"After that we want into freefall and were facing a very serious financial problem and regrettably, we had to make some big cost reductions – compulsory redundancies – which we tried to avoid. The staff have shown tremendous flexibility – they've reduced their hours to keep others in jobs and some of the responses have been absolutely phenomenal.

"The third part we launched the emergency appeal and the response from the community was amazing – we raised more than £900,000 and then the Government have stepped in and said they will make more funds available, it's much lower for us, but it allows us to look forward to financial stability for the next year and restore our services.

"The service may not be the same going forward but there will be service provision across our areas. And we'll see if they need to be virtual to support more families through learning amid the pandemic. It's been like a rollercoaster really.

"Our biggest financial concern is around retail – we are, as a hospice, very reliant on the retail operation and it clearly went to zero. We've spent more months in lockdown with them being shut than we have operating them over the past year. We've had to close shops and that was something very difficult to do, considering we have had some very loyal workers. Losing them was a real sadness and part of that rollercoaster.

He added: "To our staff, they've worked in extremely difficult circumstances and so many of them have worked way beyond their role to support our patients – many of them have had to be furloughed and we appreciate it's a stressful situation for many of them. The other group I want to thank is the local community because the response to the emergency appeal has been phenomenal – they've really made sure the hospice can continue to deliver for the next year or so."

Compton Care's director of nursing and chief executive Rachel Overfield

Compton Care in Wolverhampton is another hospice which has seen demand increase during the pandemic.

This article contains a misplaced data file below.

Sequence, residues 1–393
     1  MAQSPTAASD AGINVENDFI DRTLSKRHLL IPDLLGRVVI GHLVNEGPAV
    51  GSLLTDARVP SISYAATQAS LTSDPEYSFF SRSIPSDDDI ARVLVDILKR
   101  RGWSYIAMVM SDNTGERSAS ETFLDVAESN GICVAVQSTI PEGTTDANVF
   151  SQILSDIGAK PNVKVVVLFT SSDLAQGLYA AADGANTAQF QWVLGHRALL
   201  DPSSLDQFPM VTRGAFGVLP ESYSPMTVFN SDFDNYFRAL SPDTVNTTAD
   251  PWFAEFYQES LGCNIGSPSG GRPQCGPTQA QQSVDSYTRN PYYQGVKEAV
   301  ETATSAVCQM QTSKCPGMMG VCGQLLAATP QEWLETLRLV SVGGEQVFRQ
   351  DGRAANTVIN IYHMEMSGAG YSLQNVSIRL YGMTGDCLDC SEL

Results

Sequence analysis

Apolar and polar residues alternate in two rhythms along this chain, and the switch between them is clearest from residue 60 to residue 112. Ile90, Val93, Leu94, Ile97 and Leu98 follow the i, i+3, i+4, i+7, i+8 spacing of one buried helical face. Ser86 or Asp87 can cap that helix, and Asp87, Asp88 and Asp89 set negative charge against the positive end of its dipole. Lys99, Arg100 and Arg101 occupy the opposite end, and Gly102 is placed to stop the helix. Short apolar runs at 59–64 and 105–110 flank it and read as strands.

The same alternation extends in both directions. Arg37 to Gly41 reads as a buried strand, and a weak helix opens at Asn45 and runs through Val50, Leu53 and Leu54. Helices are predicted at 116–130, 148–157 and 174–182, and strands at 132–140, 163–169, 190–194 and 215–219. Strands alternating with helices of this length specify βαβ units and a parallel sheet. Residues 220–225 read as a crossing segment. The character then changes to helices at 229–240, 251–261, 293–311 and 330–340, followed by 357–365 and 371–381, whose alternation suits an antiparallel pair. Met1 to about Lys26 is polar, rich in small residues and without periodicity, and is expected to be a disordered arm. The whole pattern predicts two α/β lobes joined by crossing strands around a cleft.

Chief executive Rachel Overfield said: "It's been very difficult from a number of perspectives, really, and it's the same message from all charities. It's been difficult because we've been clinically much busier because we deal in death and dying and Covid has created more death and dying.

"We've been a lot busier – we started out with a fairly small workforce who have also been challenged by Covid and our income streams have been challenged due to our 25 shops closing. Events have not been happening either so it's been a really tough year for us.

"We've been very lucky because of the type of charity we are the Government and the NHS have stepped in to help hospices – we get some grant funding as long as we can provide we're helping the NHS. It doesn't give you that long-term stability, it will get us through the year, furlough has helped as well, but it is not completely resolved the financial pressures going forward.

"I've been incredibly grateful to the community for their constant support they've given us despite them being affected as well. And all the work is going on behind the scenes [to open stores] and on April 12 we're looking to open them. And we're looking for new retail opportunities to branch out as well, into other things like coffee shops and garden centres where people are still spending their money. It's different ways of generating income and we're also looking forward to events restarting."

Ms Overfield said the organisation was hopeful about the future – but raised concerns of the pressure on services post-Covid, due to late diagnosis caused by the disruption the virus has had on the NHS.

She added: "I think we're quite hopeful but we're concerned about Covid continuing to be around. It puts pressure on our clinical services and longer term, we're concerned about late diagnosis – where the NHS have not been able to do things in a timely way, due to Covid, and we might see a longer-term impact of that. Because people have had their treatment delayed, but nobody knows the true impact that'll have but we're looking forward to returning to a degree of normality – a new normal.

"I want to say thank you to everyone, too, and words aren't enough [to say how much the support means to them]. We really appreciate it and I appreciate everything my staff have done whether they are clinical staff or support staff, or even the retail guys coping with furlough. I'm incredibly appreciate of our staff and to our local community who keep us going – we will never be able to express how grateful we are."